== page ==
Johanna Buchanan

Johanna Interview with Johanna Buchanan: Scotland 2014 Influential Women Series

Johanna Buchanan is the Project Manager for the Cross-sector Safety & Security Communications (CSSC) Scotland Hub; this is a collaborative initiative between Police Scotland, the Scottish Government, the Scottish Business Resilience Centre and a range of private sector businesses. It aims to help ensure that Scotland remains a safe place to do business during the major events planned for 2014.

Seconded from RBS, Johanna is now less than 100 days away from the Commonwealth Games and one of the largest cultural and sporting festivals in the World.

Johanna has worked for the Royal Bank of Scotland Group for over 9 years. She has held several roles in Financial Crime and Security including investigation, fraud analysis and project management as well as playing a key role in RBS Olympics Security Planning in 2012 and she is now seconded from RBS to the CSSC Hub. Johanna is interviewed for the3rdimagazine by Clare Logie.

Clare Logie
Can you summarise for us the focus of your current role?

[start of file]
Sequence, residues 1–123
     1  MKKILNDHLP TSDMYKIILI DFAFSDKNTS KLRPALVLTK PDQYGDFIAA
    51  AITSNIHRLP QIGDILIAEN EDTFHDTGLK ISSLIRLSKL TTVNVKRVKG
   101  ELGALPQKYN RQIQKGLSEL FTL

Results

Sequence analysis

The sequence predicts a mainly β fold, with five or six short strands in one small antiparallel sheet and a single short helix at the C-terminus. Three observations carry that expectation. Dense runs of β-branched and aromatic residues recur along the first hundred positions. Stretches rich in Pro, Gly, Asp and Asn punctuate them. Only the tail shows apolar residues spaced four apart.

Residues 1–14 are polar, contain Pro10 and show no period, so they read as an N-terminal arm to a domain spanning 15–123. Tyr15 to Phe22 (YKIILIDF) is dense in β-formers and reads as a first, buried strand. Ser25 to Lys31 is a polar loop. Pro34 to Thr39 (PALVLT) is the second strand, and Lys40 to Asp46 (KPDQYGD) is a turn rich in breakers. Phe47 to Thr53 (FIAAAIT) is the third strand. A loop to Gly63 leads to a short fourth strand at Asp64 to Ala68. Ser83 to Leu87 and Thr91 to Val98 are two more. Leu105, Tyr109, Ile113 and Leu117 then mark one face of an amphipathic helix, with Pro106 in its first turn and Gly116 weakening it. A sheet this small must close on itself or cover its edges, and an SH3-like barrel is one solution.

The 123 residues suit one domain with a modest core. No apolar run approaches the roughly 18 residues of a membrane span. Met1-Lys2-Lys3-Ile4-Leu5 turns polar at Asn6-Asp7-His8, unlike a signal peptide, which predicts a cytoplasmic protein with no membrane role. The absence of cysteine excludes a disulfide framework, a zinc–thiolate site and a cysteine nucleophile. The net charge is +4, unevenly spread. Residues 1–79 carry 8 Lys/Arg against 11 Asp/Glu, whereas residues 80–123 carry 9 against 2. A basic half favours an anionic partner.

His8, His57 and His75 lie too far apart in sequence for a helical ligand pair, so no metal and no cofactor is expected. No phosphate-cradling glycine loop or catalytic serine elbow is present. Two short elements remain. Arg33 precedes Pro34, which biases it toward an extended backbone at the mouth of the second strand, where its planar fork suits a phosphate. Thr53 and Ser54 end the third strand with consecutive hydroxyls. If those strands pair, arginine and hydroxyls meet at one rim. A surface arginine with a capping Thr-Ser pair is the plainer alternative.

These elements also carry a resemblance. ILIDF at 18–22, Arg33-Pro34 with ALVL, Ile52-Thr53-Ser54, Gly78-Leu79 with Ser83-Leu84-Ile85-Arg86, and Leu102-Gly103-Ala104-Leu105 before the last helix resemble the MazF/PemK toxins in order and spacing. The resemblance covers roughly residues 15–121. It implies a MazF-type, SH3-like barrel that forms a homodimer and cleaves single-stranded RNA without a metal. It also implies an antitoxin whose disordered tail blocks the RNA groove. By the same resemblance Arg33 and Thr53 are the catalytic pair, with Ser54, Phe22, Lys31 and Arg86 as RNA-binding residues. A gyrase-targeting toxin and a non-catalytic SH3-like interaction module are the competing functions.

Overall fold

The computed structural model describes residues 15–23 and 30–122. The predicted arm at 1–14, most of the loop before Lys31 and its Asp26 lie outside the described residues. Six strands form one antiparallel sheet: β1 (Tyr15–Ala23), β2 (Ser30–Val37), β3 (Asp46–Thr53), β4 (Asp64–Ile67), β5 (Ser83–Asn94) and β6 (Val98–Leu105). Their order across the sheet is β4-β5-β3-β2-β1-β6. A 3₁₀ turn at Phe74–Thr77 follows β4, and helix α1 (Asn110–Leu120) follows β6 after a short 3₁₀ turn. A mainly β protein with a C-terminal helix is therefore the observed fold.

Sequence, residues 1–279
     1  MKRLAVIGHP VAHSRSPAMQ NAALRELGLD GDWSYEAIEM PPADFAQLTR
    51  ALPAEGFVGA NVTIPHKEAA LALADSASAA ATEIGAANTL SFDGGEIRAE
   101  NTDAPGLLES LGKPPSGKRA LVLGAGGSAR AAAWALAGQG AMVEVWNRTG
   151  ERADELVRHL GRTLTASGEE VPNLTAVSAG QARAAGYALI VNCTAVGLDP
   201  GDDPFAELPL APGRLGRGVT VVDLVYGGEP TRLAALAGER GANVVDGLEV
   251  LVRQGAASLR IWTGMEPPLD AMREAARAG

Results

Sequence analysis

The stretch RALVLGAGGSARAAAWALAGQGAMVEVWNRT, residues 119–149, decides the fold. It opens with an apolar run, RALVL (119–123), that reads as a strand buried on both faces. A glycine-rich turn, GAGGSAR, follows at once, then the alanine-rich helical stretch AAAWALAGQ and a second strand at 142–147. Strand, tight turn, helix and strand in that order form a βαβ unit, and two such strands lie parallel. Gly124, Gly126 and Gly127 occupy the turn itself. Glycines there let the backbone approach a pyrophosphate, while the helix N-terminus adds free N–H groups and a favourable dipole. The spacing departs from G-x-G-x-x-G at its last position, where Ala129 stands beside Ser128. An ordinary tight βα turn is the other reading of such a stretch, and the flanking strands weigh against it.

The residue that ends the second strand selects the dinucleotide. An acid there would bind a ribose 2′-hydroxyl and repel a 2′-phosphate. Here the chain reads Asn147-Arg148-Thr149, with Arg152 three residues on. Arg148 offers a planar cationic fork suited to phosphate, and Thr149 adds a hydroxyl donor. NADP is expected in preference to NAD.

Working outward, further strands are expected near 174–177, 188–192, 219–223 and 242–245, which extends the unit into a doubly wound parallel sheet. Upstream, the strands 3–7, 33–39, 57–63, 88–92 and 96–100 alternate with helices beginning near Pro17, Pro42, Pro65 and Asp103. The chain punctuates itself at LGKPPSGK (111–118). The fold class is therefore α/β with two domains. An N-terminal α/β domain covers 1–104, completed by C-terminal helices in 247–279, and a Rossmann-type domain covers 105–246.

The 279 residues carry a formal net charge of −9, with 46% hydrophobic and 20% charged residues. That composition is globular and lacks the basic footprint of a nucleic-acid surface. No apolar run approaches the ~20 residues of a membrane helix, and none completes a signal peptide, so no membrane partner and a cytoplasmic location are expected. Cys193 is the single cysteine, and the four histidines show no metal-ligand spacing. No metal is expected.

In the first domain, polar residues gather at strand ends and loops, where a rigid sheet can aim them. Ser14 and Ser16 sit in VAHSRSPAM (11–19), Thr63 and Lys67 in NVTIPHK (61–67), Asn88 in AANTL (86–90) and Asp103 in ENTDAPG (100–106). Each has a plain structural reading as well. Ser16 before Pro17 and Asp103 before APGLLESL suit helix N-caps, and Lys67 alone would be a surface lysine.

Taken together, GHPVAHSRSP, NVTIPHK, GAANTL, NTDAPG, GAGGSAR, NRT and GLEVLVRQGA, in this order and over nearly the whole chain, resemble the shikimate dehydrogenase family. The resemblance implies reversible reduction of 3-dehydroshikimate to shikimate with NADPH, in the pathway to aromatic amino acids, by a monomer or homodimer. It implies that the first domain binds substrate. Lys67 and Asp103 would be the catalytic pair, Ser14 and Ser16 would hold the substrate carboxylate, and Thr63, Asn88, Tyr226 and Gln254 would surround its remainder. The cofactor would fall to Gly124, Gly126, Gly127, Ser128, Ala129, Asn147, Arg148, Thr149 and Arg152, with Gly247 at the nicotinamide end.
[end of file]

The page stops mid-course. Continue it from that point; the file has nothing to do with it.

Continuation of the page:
Johanna Buchanan
I am managing the development of a security communications partnership in Scotland which brings together the public, private and third sectors in a mutually beneficial environment which will allow them to communicate with one another quickly whenever needed.

CL
Why should people / business owners be interested in what you are doing?

JB
The CSSC aims to ensure that businesses and organisations are able to keep operations running and keep their staff safe during major events and every day business as usual. This is of interest to every single business and organisation in Scotland, because the smooth running of their operations and the safety of their people is paramount.

CL
What are the benefits to businesses of engaging directly with your team / programme?

JB
The communications hub provides valuable and timely information for those who are signed up on the various issues that could cause problems of safety, security and continuity; this could be anything from demonstrations, traffic issues, security incidents, protests or severe weather. By connecting to us, businesses can be sure they are receiving timely, accurate information which will enable them to take better decisions. Those who are signed up will have a direct link into the police, government, Fire & Rescue services and other organisations which they may not otherwise be able to access. Additionally, each sector is represented in our programme by an Industry Sector Lead and those individuals have a rare opportunity to network across sectors and to learn from them.